What business executive do you admire most? I admire Michael Hole, MD, MBA who is a professor at UT-Austin and a social entrepreneur who has founded programs that address the root causes of societal inequality. While not a business executive in the conventional sense, Dr. Hole has opened my eyes to the world of social entrepreneurship, which has a goal of improving societal ills rather than strictly earning profit. For example, in 2016, he co-founded StreetCred, a nonprofit that helps low-income families file taxes and build wealth while waiting for care in hospitals and clinics. I am beyond inspired by Dr. Hole’s genuine passion for alleviating social issues by harnessing the power of entrepreneurship, and I have had the privilege of working with him during my senior year.
Which academic, extracurricular or personal achievement are you most proud of? To create a lasting impact on Mays Business School, I wanted to fortify a fairly new path: a path for business students to enter medical school. It was a confusing endeavor to many. However, I knew that not only was it possible, but it was necessary for confronting the business that healthcare has become. After being admitted to medical school as a sophomore, I co-authored a 20-page comprehensive Business/Pre-Med guide to help other business students gain admission to medical school. I tirelessly work to inspire business students who have an interest in healthcare by hosting “wisdom workshops,” writing healthcare blogs featuring business leaders, and meeting routinely with business/pre-med students to reassure their dreams. I became the first Mays Business School student to publish in a major medical journal, and I have become an ambassador for research to guide other business students who are interested in our university’s tier-1 research opportunities. I am proud of the path I have helped solidify, and I am excited to see healthcare become a greater focus for business schools.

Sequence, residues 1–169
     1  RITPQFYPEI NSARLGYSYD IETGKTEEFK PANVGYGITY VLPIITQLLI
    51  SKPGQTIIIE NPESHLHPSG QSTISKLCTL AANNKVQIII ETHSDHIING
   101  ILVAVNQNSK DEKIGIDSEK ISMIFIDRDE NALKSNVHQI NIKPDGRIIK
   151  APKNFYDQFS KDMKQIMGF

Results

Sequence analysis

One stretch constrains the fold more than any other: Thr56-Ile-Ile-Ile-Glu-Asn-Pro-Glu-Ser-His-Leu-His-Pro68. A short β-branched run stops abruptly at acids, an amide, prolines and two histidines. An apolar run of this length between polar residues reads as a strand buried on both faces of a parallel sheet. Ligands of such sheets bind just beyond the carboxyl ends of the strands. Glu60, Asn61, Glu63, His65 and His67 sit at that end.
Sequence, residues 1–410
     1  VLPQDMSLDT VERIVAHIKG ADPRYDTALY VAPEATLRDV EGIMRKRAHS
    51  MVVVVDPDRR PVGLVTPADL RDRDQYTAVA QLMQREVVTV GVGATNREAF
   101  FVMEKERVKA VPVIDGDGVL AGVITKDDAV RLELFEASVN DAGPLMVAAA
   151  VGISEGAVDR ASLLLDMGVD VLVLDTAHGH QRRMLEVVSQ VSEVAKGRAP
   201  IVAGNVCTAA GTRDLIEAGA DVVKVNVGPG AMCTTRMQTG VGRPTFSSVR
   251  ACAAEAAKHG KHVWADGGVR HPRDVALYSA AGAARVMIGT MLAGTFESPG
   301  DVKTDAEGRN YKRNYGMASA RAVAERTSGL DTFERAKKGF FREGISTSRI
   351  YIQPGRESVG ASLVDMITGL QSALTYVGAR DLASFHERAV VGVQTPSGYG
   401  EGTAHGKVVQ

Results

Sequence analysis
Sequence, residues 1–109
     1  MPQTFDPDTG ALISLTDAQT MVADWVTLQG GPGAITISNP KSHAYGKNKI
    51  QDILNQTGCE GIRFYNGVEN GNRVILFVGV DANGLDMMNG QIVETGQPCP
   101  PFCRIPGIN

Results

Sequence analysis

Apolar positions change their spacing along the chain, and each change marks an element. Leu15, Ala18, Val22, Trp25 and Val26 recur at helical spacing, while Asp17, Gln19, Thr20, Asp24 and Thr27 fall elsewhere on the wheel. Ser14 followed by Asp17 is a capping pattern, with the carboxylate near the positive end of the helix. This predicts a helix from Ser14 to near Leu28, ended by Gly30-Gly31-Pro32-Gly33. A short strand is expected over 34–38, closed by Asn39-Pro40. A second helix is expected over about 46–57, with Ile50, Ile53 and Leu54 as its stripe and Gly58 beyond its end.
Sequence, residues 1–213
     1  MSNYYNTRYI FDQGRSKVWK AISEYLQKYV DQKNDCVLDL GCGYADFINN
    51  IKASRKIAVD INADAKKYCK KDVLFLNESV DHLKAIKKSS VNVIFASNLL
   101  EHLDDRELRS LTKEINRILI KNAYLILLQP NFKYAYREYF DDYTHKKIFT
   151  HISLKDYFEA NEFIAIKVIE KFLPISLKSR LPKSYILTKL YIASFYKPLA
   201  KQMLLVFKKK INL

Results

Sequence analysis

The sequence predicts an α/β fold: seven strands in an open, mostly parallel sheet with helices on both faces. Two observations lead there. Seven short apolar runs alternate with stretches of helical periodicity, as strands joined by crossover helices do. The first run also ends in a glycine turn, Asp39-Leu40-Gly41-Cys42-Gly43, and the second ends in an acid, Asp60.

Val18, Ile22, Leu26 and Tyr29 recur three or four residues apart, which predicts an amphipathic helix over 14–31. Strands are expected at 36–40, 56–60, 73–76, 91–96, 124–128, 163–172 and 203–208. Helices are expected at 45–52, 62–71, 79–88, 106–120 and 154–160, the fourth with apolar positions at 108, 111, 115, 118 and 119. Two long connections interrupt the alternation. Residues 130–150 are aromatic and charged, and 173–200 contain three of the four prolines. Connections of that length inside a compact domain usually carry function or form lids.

Which classmate do you most admire? Michael Pitonak. Michael and I have had multiple classes together throughout college, and we work together in Dr. Jennifer Dulin’s lab. He is one of the kindest, most selfless friends I have. Michael has spent more hours than I can count to tutor me in challenging courses, and he has been a loyal friend who is always there to celebrate my successes and encourage me in my failures. Michael and I are all about building each other up, academically and personally.